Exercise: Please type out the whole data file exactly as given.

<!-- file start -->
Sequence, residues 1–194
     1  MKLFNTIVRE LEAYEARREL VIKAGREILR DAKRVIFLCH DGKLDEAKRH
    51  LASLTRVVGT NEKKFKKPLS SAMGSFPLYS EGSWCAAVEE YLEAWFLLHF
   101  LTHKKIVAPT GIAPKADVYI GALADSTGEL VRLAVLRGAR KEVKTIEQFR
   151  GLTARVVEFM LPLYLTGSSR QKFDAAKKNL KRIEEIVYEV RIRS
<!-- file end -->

Sequence, residues 1–194
     1  MKLFNTIVRE LEAYEARREL VIKAGREILR DAKRVIFLCH DGKLDEAKRH
    51  LASLTRVVGT NEKKFKKPLS SAMGSFPLYS EGSWCAAVEE YLEAWFLLHF
   101  LTHKKIVAPT GIAPKADVYI GALADSTGEL VRLAVLRGAR KEVKTIEQFR
   151  GLTARVVEFM LPLYLTGSSR QKFDAAKKNL KRIEEIVYEV RIRS